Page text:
Dust Storm in the Sahara Desert • Earth.com Dust Storm in the Sahara

Last update: September 23rd, 2020 at 6:00 pm

A dust storm blew through northeastern Mauritania in late January 2013. The Moderate Resolution Imaging Spectroradiometer (MODIS) on NASA’s Aqua satellite captured this natural-color image on January 20. Many of the dust plumes arose in Western Sahara, perhaps fueled by the fine sediments of impermanent rivers and lakes. The dust storm likely picked up more material in northeastern Mauritania, where sand seas cover most of the land surface. Dust-laden winds are some of the most common natural hazards in Mauritania, and less than 1 percent of the land is arable. The Sahara (/səˈhɑːrə/, /səˈhærə/; Arabic: الصحراء الكبرى‎, aṣ-ṣaḥrāʼ al-kubrá, ‘the Greatest Desert’) is a desert located on the African continent. It is the largest hot desert in the world, and the third largest desert overall after Antarctica and the Arctic.[1] Its area of 9,200,000 square kilometres (3,600,000 sq mi) is comparable to the area of China or the United States. The name ‘Sahara’ is derived from a dialectal Arabic word for “desert”, ṣaḥra (صحرا /ˈsˤaħra/).
The desert comprises much of North Africa, excluding the fertile region on the Mediterranean Sea coast, the Atlas Mountains of the Maghreb, and the Nile Valley in Egypt and Sudan. It stretches from the Red Sea in the east and the Mediterranean in the north to the Atlantic Ocean in the west, where the landscape gradually changes from desert to coastal plains. To the south, it is bounded by the Sahel, a belt of semi-arid tropical savanna around the Niger River valley and the Sudan Region of Sub-Saharan Africa. The Sahara can be divided into several regions including: the western Sahara, the central Ahaggar Mountains, the Tibesti Mountains, the Aïr Mountains, the Ténéré desert, and the Libyan Desert.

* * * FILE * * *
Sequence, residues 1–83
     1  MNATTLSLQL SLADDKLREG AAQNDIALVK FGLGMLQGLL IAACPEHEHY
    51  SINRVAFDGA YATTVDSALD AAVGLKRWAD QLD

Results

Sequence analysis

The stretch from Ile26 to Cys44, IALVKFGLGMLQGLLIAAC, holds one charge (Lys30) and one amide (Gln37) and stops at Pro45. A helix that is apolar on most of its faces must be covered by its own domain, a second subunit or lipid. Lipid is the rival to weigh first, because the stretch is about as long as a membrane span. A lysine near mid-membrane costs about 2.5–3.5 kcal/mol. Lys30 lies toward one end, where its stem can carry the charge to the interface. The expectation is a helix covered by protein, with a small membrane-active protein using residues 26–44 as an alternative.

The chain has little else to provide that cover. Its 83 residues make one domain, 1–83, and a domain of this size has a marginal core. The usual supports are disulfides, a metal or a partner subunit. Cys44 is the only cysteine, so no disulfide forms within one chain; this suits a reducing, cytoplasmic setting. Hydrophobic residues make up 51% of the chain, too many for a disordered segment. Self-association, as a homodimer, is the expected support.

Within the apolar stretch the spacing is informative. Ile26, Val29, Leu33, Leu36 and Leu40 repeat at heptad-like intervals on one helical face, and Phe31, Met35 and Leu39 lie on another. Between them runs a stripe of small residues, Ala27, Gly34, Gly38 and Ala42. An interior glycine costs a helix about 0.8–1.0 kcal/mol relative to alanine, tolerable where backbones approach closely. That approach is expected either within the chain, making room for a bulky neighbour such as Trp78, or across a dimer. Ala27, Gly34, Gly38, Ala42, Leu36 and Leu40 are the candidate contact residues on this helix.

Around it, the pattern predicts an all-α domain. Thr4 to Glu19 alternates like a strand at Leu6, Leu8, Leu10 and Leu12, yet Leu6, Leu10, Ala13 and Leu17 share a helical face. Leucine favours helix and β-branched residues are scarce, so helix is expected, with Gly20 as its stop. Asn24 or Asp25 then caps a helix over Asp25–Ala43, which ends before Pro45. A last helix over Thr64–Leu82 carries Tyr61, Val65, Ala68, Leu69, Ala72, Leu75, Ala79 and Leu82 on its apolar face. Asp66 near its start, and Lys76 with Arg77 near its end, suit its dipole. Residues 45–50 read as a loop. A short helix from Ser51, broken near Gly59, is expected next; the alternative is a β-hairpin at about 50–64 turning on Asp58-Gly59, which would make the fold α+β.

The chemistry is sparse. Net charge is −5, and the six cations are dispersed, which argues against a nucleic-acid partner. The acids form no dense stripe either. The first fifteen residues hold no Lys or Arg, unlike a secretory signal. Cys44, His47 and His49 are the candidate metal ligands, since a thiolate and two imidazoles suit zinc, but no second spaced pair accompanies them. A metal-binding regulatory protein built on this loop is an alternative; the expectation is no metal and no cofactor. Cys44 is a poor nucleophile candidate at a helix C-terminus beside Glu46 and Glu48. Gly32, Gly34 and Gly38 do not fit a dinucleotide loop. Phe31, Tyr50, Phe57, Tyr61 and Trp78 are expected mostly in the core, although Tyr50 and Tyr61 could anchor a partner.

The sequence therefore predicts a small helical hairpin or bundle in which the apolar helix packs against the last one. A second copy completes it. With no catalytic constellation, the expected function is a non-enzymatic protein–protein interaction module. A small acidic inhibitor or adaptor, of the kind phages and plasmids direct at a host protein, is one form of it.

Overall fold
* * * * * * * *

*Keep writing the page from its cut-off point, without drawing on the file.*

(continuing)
CIA World Factbook. (2013, January 14) Mauritania. Accessed January 22, 2013.

Credit: NASA image courtesy Jeff Schmaltz, LANCE MODIS Rapid Response. Caption by Michon Scott.

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